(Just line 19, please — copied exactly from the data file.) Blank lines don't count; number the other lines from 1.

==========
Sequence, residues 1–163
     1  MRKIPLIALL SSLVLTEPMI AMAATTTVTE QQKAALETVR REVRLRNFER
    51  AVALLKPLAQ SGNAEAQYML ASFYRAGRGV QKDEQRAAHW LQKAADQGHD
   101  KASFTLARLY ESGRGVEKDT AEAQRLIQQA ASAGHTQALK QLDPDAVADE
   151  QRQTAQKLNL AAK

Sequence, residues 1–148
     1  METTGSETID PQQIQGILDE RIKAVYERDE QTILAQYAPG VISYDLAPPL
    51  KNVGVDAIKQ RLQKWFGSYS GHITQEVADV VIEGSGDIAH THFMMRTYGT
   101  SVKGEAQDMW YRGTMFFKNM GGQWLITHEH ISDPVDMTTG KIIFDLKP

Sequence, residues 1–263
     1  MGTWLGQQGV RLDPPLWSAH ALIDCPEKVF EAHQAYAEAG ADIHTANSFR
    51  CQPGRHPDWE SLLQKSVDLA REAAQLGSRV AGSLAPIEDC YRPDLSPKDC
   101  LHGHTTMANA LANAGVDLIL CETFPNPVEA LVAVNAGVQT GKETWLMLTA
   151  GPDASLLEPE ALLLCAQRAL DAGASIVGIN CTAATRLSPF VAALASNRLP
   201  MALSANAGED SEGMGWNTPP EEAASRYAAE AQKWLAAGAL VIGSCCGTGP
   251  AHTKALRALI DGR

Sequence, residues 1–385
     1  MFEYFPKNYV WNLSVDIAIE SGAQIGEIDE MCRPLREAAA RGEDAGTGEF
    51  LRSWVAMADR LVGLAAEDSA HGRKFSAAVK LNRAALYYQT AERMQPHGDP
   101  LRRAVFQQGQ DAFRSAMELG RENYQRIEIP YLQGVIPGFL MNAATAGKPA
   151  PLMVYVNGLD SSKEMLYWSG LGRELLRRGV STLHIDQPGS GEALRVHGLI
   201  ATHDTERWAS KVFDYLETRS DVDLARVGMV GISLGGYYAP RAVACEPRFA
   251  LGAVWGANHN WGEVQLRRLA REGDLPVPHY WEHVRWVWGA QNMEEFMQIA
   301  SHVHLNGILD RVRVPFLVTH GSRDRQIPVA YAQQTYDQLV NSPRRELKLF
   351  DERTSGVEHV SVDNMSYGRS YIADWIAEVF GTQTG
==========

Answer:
    51  LRSWVAMADR LVGLAAEDSA HGRKFSAAVK LNRAALYYQT AERMQPHGDP